I heard about this book whilst listening to Radio 4´s Open Book and also previously enjoyed Drabble´s The Red Queen. This book tells the story of Rosamund, a woman who previously hasn’t been that interested in sex but finds herself pregnant after her first and only time (bet that put her off even more). She then has to deal with the stigma of being a single parent in the 1960s.
After a failed home abortion attempt, Rosamund decides to keep her baby. It is shocking to read about how different the process of NHS care was and the attitudes towards single parents then, it seems very backwards; there is a general assumption by most nurses that Rosamund will give up her baby for adoption. It is also heartbreaking at one point when nurses do not allow her to see her baby. Some parts of the book do seem unrealistic such as her not telling her parents about her pregnancy and them not mentioning it when they finally do find out. This book is realistic is showing that despite the ’60s being known as the permissive society most people stayed largely conventional.
The book does not have the stereotypical happy family ending, but you find yourself being drawn into Rosamund’s love for the baby and in that it is a nice end. A nice short little book.
I am addicted to listening to podcasts whilst running and I downloaded this from the Guardian short stories. It is Margaret Drabble reading Mansfield´s The Doll´s House. It is a fantastic but heartbreaking story, I was nearly crying as I was running around.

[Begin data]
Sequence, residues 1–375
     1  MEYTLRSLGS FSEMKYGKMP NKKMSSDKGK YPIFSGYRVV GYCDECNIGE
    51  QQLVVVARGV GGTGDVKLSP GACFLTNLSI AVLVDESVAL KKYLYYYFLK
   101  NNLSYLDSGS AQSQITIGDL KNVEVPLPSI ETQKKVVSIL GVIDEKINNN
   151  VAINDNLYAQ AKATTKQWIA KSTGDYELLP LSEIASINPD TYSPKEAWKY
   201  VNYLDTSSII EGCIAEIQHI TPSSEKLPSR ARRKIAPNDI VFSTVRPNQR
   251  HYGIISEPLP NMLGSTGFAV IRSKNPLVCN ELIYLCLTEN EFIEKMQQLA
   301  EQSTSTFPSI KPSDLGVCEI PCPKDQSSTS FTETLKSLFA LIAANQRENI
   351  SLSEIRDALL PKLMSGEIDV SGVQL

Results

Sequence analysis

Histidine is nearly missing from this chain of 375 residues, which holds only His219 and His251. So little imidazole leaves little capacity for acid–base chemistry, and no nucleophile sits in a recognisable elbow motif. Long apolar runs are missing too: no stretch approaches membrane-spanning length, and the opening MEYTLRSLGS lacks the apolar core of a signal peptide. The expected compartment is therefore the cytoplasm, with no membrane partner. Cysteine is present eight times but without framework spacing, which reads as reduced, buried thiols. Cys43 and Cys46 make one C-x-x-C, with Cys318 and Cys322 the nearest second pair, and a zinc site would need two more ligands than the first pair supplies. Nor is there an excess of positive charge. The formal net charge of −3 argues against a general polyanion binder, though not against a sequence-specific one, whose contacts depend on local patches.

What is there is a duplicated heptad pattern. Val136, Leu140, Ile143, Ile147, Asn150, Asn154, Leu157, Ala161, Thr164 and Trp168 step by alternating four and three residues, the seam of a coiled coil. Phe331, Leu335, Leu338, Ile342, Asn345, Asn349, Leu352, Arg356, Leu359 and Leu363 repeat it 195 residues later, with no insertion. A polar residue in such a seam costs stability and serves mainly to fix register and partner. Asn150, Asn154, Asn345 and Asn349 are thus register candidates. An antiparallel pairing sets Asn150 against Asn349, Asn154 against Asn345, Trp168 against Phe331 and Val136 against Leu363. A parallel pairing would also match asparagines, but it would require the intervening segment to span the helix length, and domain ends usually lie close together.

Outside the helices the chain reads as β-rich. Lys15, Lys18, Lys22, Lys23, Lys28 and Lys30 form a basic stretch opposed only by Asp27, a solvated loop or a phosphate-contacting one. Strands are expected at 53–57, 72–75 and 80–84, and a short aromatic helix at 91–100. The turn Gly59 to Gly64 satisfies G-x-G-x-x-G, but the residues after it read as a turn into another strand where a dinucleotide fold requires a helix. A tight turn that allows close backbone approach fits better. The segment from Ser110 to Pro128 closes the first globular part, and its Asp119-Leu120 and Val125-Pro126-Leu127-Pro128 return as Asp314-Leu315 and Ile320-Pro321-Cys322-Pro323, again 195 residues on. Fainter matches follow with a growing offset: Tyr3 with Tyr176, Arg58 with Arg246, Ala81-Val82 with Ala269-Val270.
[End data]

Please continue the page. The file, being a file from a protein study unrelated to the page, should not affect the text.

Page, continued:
A very brief summary is that the Burnell girls are given an absolutely beautiful doll´s house. The girls show off about it in the playground at school and all the other girls are invited to see it except for the Lil and Our Else Kelvey who are seen to be socially inferior and even worse their father is rumoured to be in prison. It deals with being an outsider and cruelty in the playground.
Drabble reads this story beautifully and the interview afterwards is excellent where she explains why she chose it. She says;
“When one is older one can appreciate the economy of the narration, the symbolism of the doll’s house, the bloody horror of the leaking jam sandwiches, the subtle relationship of the two sisters and the snobbery of the adults, but it is the unbearable poignancy of that last line, “I seen the little lamp”, that continues to haunt. I still have dreams about being shunned in the playground or ignored at a party or finding no place at a dinner table.”
Listen to it now, it´s only about 15 minutes long and I guarantee you will be moved;